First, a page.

Why Your Continuous Quality Improvement is a Joke. CQI starts with CQL.
Your CQI stinks. You're not alone.
I've been around . . . and there are a few things I know about CQI.
First, organizations love the idea of--or are forced to espouse a commitment to--continuous quality improvement. Often this focus is driven by leadership's desire to "be the best" but pragmatically, it is more likely driven by the demands of accrediting and licensing bodies, pragmatics of positioning and branding, the need to have controls on key processes, etc.
Second, while leaders may believe in the philosophy and practice of CQI, it often operates more like a "task to be completed," or a "process to be done before the next audit," or metrics to "prove we are doing the job.". Rarely, is it functioning as a vibrant value of the organizational mission.
Third, employees are much less optimistic about CQI. They often see it as a "big stick" waiting to get them for failing, a nuisance or meaningless task to satisfy some external body (accreditation, foundation), and/or a task to complete as efficiently and painlessly as possible so they can "get on" with their real job.
Want CQI? Then you need CQL!
So why isn't continuous quality a more successful driver of organization success? Mostly because employees don't see a leadership commitment to CQL. What is CQL? Continuous Quality Leadership. Leaders with a commitment and drive to continue to improve their leadership.
Ask employees, "How do your leaders improve their ability to lead the organization?" Mostly, you'll get a blank stare. Maybe, there will be a mention of some training the leader recently attended, a certification or honor they received, or you may get a mention of a strategic planning process. But mostly . . . a confused and polite stare.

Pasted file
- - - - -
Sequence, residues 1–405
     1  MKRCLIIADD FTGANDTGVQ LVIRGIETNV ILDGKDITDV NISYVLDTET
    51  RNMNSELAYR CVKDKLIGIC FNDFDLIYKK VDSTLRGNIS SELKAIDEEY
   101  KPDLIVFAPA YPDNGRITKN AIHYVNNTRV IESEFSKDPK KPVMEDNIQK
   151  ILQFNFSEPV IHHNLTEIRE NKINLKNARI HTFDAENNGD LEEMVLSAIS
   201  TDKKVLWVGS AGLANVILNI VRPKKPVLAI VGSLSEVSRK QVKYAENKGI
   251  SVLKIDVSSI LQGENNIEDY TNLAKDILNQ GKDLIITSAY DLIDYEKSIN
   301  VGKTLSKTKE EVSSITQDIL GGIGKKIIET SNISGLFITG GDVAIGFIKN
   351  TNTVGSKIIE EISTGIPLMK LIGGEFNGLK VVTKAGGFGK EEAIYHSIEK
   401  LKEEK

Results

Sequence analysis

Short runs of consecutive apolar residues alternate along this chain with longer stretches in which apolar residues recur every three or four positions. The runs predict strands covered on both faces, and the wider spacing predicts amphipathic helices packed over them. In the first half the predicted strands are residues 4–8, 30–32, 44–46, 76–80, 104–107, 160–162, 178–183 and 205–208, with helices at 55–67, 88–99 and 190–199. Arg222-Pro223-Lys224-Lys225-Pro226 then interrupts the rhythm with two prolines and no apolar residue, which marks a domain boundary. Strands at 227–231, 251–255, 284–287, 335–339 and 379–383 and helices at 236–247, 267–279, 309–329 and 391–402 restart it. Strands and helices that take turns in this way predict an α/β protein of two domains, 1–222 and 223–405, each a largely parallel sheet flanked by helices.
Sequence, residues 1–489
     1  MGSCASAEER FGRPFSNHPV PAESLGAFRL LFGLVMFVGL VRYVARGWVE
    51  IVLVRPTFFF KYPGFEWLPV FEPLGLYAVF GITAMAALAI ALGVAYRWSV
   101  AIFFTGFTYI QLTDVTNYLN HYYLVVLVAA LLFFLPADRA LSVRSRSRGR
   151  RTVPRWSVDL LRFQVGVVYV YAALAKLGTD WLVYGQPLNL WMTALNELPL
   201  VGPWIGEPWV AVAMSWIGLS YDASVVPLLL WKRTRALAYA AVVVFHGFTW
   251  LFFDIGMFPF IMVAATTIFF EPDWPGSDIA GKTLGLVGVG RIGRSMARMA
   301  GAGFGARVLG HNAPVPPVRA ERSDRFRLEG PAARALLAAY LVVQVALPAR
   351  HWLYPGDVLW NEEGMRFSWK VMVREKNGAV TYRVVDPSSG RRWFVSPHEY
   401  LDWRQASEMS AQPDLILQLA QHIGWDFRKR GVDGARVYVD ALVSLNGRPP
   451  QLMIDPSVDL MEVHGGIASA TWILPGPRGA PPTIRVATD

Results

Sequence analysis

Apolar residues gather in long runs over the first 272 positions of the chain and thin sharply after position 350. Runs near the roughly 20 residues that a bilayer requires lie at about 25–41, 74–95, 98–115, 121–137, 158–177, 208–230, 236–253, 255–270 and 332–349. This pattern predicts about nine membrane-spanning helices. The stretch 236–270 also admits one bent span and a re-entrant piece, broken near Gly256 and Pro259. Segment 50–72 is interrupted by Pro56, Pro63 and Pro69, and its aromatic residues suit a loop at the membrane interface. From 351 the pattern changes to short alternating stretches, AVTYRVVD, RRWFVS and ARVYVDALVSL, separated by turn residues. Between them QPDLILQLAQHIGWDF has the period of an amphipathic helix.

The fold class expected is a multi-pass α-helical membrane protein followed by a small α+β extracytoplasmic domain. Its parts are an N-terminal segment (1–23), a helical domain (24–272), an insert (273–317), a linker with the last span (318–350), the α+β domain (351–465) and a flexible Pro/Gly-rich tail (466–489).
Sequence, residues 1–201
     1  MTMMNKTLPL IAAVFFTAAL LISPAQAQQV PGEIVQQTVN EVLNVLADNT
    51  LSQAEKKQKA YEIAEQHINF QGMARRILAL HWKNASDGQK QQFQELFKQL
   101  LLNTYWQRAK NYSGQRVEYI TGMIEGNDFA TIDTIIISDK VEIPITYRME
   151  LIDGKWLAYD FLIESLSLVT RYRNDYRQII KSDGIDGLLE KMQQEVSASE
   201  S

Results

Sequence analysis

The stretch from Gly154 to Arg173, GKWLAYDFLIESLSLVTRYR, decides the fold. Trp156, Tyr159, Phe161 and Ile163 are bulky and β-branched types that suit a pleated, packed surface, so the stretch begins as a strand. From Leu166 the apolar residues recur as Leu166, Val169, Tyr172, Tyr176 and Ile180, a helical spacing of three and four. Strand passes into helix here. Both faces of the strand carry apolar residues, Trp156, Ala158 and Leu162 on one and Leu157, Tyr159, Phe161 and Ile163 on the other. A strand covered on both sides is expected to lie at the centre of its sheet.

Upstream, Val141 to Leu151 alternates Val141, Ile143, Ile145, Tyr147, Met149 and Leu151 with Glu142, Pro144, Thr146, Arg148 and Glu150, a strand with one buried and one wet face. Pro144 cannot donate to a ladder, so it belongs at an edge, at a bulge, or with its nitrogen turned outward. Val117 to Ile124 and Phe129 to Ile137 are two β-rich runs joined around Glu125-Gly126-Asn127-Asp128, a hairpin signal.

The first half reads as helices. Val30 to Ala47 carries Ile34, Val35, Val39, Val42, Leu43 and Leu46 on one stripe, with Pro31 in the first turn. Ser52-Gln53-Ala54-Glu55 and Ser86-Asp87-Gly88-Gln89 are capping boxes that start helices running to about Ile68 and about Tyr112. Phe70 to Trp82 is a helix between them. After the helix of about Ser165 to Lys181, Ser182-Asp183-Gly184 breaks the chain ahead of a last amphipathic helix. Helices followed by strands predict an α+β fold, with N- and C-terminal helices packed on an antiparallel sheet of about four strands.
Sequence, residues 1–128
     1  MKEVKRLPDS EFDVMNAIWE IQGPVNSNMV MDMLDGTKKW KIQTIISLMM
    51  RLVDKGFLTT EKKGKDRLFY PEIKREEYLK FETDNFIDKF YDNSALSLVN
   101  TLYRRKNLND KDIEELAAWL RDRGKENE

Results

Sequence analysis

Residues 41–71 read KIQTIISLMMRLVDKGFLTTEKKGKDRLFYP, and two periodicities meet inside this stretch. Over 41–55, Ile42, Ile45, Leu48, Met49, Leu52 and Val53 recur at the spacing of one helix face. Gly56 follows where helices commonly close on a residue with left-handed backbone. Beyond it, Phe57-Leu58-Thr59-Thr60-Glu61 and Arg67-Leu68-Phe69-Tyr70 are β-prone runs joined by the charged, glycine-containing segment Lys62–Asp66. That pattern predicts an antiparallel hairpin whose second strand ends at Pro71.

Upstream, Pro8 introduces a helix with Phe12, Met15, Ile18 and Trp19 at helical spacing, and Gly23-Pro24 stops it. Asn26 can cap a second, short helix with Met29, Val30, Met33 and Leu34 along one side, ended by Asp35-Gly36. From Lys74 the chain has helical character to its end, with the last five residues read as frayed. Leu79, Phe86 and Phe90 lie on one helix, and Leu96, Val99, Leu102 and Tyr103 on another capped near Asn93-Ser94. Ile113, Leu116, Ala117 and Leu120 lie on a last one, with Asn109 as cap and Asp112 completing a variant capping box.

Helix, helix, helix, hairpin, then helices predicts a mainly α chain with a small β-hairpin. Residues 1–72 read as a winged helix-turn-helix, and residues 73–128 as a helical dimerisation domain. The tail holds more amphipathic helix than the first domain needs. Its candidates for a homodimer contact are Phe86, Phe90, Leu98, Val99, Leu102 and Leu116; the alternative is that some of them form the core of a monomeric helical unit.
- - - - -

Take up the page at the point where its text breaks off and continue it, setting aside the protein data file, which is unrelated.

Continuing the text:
CQL leads to CQI
If you, as a leader, want employees to see continuous improvement as a value--then model it. Tell them about your focus for qualitatively improving . . . the area(s) that you want to improve as a leader. No, this does not mean engaging in some self-flagellating, faux humbling, "I'm not very good at Z." It means stating clearly that as a leader, or leadership team, we are going to focus on improving our ability to open up new markets, develop an improved employee engagement process, develop our community partnerships . . . some developmental goal that will improve the organization.
Speak plainly. Don't rely on a vague mission statement or some global goals. Get real. If they see that continuous improvement is important to you, it is more likely to become important to them. The reason your continuous quality improvement is a joke is because, to you as a leader, they think it doesn't really matter.
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